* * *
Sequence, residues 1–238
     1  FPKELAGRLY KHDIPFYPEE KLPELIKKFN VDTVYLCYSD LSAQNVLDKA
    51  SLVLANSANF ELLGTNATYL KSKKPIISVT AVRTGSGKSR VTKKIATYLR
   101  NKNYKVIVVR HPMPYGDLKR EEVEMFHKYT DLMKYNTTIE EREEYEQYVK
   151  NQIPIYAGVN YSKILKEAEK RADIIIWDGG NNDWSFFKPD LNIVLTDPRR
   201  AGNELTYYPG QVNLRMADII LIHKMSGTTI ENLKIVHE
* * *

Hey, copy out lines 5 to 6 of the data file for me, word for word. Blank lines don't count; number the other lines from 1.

   151  NQIPIYAGVN YSKILKEAEK RADIIIWDGG NNDWSFFKPD LNIVLTDPRR
   201  AGNELTYYPG QVNLRMADII LIHKMSGTTI ENLKIVHE